Wednesday, January 06, 2016

The Power of the Powerless

In October 1978 a then obscure Czech playwright named Vaclav Havel published an essay called The Power of the Powerless. It was a tragic time for those in Central or Eastern Europe who believed in freedom. The Soviet system had made advances across the globe and seemed to be as solid and enduring as it was soul crushing and brutal. Yet, as history shows, appearances can be misleading. Within only a few weeks the election of Pope John Paul II began a process that lead to tumult across the Soviet World and the eventual downfall of Communism. Havel's moral manifesto became the root of a political renewal which still shapes European society today.

Today there is a new struggle in Europe and across the world. It is a battle between those who seek an open, free and global society and those who oppose that vision. A nascent planetary consciousness is emerging as information becomes ever more accessible and the possibility, indeed the necessity, of debate more urgent. The creation of a global market is being made possible by the adoption of international standards and the wholesale reduction or abolition of tariffs and taxes. Global corporations are now emerging, but this economic integration is not being met with a global political response. Regulation is piecemeal and unfair. Justice is not in the hands of the many, but the few. Unsurprisingly there is a strong backlash against globalization, both from certain states and from civic society within others. Yet those, like Russia, who seek to opt out of the global community risk decline and permanent weakness if they are not able to access the opportunities that the emerging global market now affords. Although brutal and violent, the major feature of the Daesh campaign against globalization is that it is certain to fail. The contrast is China, still ruled by a narrow Communist elite, but has preferred to make a cautious bargain with the global market rather than to reject it, and the consequence has been the flowering of the Chinese economy and the emergence of an educated middle class. China chooses a global outlook, Russia a nationalist one, while Daesh is a mediaeval death cult. These are not unbeatable enemies.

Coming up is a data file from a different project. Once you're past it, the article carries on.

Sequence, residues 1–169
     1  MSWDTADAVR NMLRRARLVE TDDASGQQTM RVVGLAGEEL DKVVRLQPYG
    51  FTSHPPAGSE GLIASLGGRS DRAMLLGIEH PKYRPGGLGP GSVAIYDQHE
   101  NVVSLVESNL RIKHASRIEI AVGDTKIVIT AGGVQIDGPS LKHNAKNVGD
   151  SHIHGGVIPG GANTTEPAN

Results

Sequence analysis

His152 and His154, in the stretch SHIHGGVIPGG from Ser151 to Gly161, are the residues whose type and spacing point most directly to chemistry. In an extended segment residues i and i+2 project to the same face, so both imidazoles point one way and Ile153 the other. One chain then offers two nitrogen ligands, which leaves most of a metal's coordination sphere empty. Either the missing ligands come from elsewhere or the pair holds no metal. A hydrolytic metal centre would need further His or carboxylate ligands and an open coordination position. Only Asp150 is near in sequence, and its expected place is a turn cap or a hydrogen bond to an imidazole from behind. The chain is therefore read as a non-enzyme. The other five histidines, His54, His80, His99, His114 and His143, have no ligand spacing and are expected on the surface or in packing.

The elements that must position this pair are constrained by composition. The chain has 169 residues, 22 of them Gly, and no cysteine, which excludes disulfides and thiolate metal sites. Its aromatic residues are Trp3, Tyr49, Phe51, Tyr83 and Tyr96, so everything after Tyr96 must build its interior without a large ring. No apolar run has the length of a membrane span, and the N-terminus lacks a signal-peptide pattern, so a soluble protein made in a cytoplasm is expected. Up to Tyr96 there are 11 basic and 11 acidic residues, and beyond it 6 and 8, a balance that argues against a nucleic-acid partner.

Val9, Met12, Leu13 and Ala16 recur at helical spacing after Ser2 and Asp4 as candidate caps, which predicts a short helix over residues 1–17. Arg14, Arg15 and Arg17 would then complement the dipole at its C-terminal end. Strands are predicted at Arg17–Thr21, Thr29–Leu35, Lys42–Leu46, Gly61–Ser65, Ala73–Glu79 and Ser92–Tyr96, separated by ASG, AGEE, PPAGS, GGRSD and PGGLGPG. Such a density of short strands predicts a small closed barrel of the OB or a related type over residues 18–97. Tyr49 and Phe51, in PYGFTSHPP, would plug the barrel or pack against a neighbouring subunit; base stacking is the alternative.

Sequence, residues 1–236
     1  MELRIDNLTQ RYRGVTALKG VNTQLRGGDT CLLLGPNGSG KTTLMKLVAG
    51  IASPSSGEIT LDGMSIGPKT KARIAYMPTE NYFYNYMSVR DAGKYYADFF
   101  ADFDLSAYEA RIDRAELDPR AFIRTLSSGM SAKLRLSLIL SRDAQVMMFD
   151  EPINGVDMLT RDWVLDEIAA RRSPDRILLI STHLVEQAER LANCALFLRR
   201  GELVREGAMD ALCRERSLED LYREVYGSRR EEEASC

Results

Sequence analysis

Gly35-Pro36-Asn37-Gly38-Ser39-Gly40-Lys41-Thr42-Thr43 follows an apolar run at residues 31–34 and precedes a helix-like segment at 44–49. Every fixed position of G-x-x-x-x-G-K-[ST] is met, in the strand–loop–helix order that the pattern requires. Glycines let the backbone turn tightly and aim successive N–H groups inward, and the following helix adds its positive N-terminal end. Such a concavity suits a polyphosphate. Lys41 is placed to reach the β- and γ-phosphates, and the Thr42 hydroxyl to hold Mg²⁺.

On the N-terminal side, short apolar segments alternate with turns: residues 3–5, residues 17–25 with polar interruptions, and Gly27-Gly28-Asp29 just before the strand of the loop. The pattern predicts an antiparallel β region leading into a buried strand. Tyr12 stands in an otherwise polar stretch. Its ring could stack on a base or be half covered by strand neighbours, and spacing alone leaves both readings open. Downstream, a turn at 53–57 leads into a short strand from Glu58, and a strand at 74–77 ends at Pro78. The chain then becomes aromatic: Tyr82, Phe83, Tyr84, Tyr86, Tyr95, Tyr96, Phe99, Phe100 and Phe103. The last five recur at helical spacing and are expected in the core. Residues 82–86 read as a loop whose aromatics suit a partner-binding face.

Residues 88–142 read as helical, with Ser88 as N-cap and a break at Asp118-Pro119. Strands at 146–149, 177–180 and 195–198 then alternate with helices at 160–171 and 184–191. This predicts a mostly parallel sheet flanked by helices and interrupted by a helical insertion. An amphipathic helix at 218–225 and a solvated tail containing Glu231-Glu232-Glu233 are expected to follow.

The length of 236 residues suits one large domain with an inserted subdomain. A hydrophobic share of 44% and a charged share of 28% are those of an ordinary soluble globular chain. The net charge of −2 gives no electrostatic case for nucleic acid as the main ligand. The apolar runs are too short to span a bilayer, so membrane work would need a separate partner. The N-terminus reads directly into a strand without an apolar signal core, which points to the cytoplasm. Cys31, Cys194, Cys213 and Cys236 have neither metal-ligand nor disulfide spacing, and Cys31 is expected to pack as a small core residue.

Yet globalization also challenges democratic states at least as much as it does authoritarian states. The corruption that haunts China also exists in democratic states. The power of wealth is concentrated in ever fewer hands, and a political-economic nexus often subverts democratic institutions and defies the democratic will. Meanwhile the politics of identity- the direct enemy of global consciousness- continues to be stubbornly persistent. It is easy to mock the SNP's campaign to boycott Tunnock's, but such futile and childish gestures can still have profound effects.

The fact is that the greatest threat is an ignorance about the process and an indifference as to the direction of travel. Although globalization advances all around us, there is little understanding of its impact and even less coherent discussion of what kind of social and economic outcomes would be beneficial from the process. The passion and energy that might be used to shape the future on a planetary scale is simply the preserve of angry declinists like Donald Trump or outright rejectionists, like the Front National in France or the SNP in Scotland. Meanwhile the suspicions grow that globalization is a corporate conspiracy to subvert democracy on a global scale rather than a merely national one. 

Yet the ideas of Havel also provide at least a partial answer. The dissident idea of moral civic engagement can provide a platform to voice a global economic, political and above all an ethical agenda. The nascent ideas of "sustainability" suggest a way that a dissident, liberal agenda might emerge in a political forum based on global communication rather than 19th century debating chambers. 

The old politics, like the old economy, is focused on geographical space, but as cyberspace expands and engages economic and political power, it will render many of our convenient political fictions irrelevant. Cyberspace brands- Skype or Uber or Airbnb- are, by definition, global brands. As commercial power based on cyberspace becomes greater, so will social and political engagement on a global scale become greater. Unless another global war engulfs the planet, the transition will become permanent. The ecological problems humanity is creating can only be tackled on a global scale and if the effort to overcome these challenges is successful, then we will have the foundations of a Planetary society. Identity will seem less intrinsic and more a matter of choice, engagement will be more diverse and like minds will meet regardless of geography- and in many ways this process is already well advanced.

For Democrats, the opportunity exists to stake a claim to shape the coming global society, but the principles that will be required will still need to be discussed and enacted. In a world of the Powerless it will be those who understand the process and who can shape it who will inherit greater control. Authoritarians like Putin may have a global vision of their own, but only those who believe in Freedom have the flexibility to maximize the opportunity.

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